Other available types of interlock mechanisms are shown in Canadian Letters Patent No. 1,037,092 issued on Aug. 22, 1978 to G. Brekner et all for Office Appliance; Canadian Letters Patent No. 1,037,093 issued on Aug. 22, 1978; and Canadian Letters Patent No. 1,114,883 issued on Dec. 22, 1981. All such mechanisms not only also require a stack of latch bars including a latch bar for each drawer; but also actuate the latch bars by way of cams which must be first moved to a latch bar actuating condition and thereafter returned to an unactuated condition. Thus again, there is an undesirable expense and relative complexity of a latch bar for each drawer; as well as the undesirable relative expense of the cams and their operation.
Still other available types of interlock mechanisms connect an interlock track to the side of each cabinet drawer; but, must do so, so that the track is slotted to provided for relative movement between the track and drawer. This action is necessary to accommodate the overall length of the cabinet and the required travel to allow a drawer to be fully opened. However, the resulting undesirable effect is that all drawers can be opened a relatively small amount but one which may be enough to shift the cabinet's center of gravity and cause tipping of the cabinet.
It is therefore an object of this invention to provide a new and improved file cabinet.
It is another object of this invention to provide a new and improved drawer interlock for a file cabinet.
It is yet another object of this invention to provide a new and improved drawer interlock for a lateral type file cabinet.
It is still another object of this invention to provide a new and improved file cabinet with its drawers interlocked so that only one drawer can be opened at a time.
It is yet still another object of this invention to provide a new and improved lateral type file cabinet with its drawers interlocked so that only one drawer can be opened at a time.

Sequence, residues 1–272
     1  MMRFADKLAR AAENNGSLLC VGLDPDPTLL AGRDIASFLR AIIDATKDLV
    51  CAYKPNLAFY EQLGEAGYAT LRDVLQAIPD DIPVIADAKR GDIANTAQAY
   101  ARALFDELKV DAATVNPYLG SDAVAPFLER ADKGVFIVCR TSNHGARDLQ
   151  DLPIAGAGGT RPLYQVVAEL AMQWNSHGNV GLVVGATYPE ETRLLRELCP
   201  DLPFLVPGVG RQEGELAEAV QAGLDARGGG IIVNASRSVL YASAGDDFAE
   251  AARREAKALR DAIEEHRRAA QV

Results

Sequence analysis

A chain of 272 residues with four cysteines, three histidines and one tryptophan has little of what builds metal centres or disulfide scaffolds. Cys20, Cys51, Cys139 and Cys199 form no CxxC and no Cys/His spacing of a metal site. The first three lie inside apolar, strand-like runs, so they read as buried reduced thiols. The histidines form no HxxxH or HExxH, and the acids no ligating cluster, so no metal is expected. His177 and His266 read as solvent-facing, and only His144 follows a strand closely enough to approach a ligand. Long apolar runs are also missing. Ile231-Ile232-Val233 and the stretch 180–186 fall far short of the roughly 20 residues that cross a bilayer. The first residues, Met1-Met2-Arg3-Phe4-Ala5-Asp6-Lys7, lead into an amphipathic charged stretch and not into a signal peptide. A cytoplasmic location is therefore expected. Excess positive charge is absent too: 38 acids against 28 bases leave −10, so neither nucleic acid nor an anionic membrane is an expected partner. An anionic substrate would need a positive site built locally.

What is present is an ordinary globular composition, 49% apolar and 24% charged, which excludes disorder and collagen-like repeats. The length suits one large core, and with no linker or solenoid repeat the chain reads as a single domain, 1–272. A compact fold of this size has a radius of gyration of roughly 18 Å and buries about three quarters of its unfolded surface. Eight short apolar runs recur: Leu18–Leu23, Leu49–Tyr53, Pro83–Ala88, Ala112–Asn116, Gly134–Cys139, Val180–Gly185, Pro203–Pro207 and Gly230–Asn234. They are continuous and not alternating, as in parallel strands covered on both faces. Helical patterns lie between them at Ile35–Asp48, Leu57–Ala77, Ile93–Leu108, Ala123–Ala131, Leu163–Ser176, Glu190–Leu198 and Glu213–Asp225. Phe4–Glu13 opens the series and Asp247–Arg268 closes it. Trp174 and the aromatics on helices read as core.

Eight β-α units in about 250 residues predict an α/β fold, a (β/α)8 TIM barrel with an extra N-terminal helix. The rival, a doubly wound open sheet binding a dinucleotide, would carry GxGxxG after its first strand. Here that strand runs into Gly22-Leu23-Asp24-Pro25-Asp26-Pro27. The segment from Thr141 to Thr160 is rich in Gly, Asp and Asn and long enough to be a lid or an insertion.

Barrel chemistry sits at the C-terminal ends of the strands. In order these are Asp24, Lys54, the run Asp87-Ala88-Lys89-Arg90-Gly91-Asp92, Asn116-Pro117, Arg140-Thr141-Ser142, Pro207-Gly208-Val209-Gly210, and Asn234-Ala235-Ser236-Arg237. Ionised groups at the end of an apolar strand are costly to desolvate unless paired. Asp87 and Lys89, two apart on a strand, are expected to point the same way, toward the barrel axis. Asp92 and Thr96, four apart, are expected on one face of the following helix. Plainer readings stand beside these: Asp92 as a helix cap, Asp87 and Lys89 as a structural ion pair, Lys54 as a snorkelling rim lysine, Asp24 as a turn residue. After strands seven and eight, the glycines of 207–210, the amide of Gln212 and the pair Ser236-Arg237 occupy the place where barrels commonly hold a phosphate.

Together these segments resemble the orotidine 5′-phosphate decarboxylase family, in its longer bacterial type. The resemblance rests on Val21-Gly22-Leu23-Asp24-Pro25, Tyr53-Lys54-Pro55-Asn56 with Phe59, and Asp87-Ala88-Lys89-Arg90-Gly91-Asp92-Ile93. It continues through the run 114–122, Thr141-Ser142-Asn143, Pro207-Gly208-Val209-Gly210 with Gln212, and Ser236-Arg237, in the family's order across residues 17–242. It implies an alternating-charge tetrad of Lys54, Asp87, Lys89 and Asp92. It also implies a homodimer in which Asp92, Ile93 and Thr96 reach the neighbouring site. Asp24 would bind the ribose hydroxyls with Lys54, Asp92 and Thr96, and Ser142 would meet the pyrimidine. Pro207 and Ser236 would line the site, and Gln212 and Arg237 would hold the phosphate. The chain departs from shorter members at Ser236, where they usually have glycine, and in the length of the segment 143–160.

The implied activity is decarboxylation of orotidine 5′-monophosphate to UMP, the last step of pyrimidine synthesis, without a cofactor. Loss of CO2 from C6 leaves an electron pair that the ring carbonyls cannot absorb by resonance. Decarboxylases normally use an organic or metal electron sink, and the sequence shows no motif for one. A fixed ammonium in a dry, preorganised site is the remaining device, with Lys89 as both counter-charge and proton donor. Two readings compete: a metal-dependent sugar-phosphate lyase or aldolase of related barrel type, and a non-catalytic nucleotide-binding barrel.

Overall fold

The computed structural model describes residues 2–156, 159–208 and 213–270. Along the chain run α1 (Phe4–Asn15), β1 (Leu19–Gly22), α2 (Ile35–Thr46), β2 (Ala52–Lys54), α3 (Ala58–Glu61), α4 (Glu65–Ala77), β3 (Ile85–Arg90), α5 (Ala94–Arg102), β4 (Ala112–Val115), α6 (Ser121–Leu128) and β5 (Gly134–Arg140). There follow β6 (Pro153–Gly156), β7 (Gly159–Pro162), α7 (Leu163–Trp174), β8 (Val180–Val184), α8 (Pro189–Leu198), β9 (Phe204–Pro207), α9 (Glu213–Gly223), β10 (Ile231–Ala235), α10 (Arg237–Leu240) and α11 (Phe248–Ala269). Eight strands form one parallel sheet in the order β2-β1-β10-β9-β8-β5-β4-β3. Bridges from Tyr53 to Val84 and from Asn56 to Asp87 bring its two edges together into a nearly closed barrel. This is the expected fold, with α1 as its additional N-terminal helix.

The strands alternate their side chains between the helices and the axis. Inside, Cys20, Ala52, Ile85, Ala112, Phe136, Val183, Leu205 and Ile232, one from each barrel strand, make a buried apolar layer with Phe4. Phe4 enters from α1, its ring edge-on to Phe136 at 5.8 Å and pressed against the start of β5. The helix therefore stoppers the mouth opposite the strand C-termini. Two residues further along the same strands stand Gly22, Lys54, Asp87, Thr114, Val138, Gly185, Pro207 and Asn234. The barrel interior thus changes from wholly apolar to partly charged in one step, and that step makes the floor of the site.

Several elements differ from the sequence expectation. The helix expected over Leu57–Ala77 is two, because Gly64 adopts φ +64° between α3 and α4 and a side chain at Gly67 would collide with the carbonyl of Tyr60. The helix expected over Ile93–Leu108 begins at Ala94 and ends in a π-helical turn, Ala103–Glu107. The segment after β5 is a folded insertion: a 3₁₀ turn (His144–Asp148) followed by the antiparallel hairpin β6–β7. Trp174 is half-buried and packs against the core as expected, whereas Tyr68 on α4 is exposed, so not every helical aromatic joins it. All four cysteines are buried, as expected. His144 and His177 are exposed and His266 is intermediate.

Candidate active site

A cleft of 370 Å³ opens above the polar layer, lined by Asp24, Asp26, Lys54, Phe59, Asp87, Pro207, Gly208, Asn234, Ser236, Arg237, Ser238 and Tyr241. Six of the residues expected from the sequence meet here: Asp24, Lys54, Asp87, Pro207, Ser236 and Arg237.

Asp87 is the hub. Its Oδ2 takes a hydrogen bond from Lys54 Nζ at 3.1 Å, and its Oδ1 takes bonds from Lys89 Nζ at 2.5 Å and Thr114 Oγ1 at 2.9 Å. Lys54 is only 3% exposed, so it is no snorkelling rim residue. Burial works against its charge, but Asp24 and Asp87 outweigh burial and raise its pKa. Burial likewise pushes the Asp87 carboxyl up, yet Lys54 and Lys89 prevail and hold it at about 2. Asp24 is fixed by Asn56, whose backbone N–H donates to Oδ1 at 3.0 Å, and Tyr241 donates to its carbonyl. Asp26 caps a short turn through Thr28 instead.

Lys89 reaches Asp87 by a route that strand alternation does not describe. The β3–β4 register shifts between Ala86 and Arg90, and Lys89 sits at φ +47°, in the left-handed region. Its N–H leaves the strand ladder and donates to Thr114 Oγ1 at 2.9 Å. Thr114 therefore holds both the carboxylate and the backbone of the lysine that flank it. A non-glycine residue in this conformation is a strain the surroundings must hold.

It is a further object of this invention to provide a new and improved drawer interlock and drawer lock for a lateral type file cabinet.
This invention involves drawer interlocks for file cabinets and more particularly lateral type file cabinets; and contemplates providing same: so that there are less interlock bars than the number of drawers; so that each interlock bar is provided with extension means to facilitate movement of the drawer to a fully extended position; and so that the cabinet lock system and interlock system can be located in the same area of the file cabinet.
Other features and advantages of the invention in its details of construction and arrangement of parts will be seen from the above, from the following description of the preferred embodiment when considered with the drawing, and from the appended claims. In addition, these and other objects and advantages of the present invention will become evident from the description which follows.
In the drawing:
FIG. 1 is a schematic perspective view of a lateral type file cabinet incorporating the instant invention;
FIG. 2 is an enlarged perspective view of the upper right hand portion of the file cabinet of FIG. 1 with parts in phantom to better show details of the instant invention;
FIG. 3 is an enlarged side eleveation view of the file front portion of the cabinet of FIGS. 1 and 2 with the cabinet side cut away to better show details of the interlock and lock mechanisms of the instant invention;
FIG. 4 is a top view of the interlock track;
FIG. 5 is a side elevation view of a portion of the file cabinet of FIG. 3 but showing the drawer thereof fully extended;
FIG. 6 is a schematic view of the upper right front portion of the cabinet of FIGS. 1 and 2 showing a portion of the cabinet lock mechanism in dot dash lines; and